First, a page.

While our main interest in this area is the red rock lands of Sedona, we thought we'd avoid the weekend crowds and and visit places lower on tourist radar like Prescott. This small town is located in a valley laced with streams. It's nice to see all the green vegetation.
If you're going to visit Prescott, make sure you pronounce it "press-kit" or the locals will know you are from out of town. Prescott was the first capital of the Arizona Territory. During the Civil War Abraham Lincoln worried about cash flow and heard that there was gold in the AT. Tucson residents wanted him to make it the capital, but it was full of Confederate sympathizers so Abe looked further north. But the Prescott area was still the very wild west with lots of Indians and little civilization. There wasn't even a sawmill there when what amounted to a double wide log cabin was built post haste. The first two governors lived there until civilization finally arrived and more suitable digs were built.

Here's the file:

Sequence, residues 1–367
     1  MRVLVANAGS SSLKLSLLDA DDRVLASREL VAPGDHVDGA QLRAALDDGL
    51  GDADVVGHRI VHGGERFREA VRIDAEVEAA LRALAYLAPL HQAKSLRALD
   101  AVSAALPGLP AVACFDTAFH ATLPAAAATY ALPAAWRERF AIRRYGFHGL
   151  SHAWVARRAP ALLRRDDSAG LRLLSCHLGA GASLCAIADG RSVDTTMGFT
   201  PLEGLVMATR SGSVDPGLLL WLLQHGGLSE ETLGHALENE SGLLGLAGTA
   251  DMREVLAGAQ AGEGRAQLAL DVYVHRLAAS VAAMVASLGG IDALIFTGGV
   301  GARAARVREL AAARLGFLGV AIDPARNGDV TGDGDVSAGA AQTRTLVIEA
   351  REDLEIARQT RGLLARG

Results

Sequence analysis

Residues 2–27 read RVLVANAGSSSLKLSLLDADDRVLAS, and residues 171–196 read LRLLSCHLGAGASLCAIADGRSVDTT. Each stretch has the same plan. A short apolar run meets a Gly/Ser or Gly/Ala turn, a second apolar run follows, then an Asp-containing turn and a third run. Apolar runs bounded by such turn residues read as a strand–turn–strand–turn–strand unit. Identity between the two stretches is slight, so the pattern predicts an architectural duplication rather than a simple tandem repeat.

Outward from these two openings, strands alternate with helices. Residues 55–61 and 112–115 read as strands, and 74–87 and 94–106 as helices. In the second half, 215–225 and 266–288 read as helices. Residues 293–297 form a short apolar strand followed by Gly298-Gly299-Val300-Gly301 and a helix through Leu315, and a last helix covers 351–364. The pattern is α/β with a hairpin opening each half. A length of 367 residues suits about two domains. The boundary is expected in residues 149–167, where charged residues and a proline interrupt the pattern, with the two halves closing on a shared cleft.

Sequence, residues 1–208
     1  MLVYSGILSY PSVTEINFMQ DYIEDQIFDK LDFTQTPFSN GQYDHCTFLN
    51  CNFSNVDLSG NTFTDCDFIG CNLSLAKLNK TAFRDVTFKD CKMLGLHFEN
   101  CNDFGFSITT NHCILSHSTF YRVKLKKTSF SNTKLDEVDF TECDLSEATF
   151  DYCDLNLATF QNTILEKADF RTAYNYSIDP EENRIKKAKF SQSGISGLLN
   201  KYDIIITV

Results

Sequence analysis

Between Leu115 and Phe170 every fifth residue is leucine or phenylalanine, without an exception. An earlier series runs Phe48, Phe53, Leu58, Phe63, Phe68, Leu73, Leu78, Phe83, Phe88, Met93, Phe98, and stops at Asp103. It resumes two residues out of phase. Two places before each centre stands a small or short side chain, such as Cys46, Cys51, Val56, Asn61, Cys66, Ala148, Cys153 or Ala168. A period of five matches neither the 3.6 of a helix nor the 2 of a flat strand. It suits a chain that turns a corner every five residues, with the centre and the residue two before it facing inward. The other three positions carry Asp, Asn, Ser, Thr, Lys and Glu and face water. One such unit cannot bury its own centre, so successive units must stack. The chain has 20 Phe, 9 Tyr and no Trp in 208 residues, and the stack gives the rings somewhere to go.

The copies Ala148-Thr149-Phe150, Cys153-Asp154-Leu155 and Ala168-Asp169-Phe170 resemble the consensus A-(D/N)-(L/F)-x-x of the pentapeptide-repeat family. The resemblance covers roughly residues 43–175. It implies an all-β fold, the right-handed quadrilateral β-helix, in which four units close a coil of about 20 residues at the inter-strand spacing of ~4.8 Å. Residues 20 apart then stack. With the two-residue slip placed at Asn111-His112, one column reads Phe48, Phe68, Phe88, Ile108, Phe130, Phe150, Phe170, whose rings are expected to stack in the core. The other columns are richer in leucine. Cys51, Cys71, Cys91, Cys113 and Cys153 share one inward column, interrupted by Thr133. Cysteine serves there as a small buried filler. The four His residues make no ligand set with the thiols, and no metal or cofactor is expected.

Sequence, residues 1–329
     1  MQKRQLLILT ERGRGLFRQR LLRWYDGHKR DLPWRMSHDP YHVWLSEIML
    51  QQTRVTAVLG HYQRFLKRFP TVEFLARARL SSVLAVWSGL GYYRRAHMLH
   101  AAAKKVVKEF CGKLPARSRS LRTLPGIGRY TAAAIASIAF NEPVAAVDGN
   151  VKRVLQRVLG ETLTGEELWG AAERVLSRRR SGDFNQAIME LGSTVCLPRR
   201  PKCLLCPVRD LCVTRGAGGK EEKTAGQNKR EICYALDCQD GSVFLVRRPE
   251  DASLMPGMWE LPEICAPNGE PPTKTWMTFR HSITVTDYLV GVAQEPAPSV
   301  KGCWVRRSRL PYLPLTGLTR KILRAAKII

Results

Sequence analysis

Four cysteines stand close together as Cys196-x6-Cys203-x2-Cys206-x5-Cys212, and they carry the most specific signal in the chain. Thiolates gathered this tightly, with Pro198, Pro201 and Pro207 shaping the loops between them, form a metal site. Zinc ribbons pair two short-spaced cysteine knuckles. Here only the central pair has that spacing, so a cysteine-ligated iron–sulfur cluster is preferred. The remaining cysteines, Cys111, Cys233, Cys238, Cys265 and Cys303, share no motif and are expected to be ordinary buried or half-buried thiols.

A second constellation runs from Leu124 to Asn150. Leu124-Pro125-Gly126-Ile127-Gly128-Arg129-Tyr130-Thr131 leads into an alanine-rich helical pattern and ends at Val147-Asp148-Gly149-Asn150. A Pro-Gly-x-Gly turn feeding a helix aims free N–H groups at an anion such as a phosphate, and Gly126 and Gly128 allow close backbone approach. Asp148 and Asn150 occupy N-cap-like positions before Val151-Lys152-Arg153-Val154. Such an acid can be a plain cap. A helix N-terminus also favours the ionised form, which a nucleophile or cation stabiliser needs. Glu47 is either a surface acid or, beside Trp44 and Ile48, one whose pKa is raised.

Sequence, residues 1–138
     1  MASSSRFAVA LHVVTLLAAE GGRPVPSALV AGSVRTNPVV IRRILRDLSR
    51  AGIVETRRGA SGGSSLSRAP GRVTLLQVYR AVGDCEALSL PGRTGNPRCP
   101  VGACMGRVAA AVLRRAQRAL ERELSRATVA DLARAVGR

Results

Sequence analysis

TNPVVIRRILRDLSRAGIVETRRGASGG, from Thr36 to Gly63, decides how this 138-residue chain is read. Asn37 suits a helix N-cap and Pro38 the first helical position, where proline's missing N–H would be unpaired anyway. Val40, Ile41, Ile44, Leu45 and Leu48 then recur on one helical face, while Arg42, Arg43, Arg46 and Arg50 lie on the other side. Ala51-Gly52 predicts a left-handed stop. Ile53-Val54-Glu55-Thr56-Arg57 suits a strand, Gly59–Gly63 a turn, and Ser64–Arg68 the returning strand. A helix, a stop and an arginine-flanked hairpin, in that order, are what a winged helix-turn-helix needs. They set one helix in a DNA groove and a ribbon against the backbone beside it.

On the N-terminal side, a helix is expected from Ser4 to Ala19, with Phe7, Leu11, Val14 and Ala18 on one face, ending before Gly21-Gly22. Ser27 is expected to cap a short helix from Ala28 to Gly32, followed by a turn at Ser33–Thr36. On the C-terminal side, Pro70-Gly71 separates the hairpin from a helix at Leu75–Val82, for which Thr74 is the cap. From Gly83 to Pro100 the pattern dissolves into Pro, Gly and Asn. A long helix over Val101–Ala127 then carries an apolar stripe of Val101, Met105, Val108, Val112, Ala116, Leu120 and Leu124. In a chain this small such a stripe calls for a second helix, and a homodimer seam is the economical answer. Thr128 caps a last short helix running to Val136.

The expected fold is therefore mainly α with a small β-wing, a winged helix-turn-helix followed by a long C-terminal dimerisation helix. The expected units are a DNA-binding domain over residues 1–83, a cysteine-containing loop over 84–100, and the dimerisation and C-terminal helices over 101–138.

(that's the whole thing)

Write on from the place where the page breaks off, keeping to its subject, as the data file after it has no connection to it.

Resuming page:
A local woman Sharlot Hall wanted to preserve the mansion, which was on her property and she started an open air museum in 1928. She arranged to have some local buildings moved to the property including tiny Ft. Misery, the oldest log cabin in Arizona. One building on the grounds houses a collection of old vehicles including a Conestoga wagon. Many of the plants on the grounds are grown from vintage seeds. Wandering the grounds gave us a feeling about what life was like before Arizona became a state.
Prescott is still the county seat and the court house square has a mixture of buildings from back in the day in an area called Whisky Row. If we had wanted to spend a nice afternoon in a bar, this was the place. We didn't. And moved on to a nearby Trader Joe's where we stocked up for the week ahead.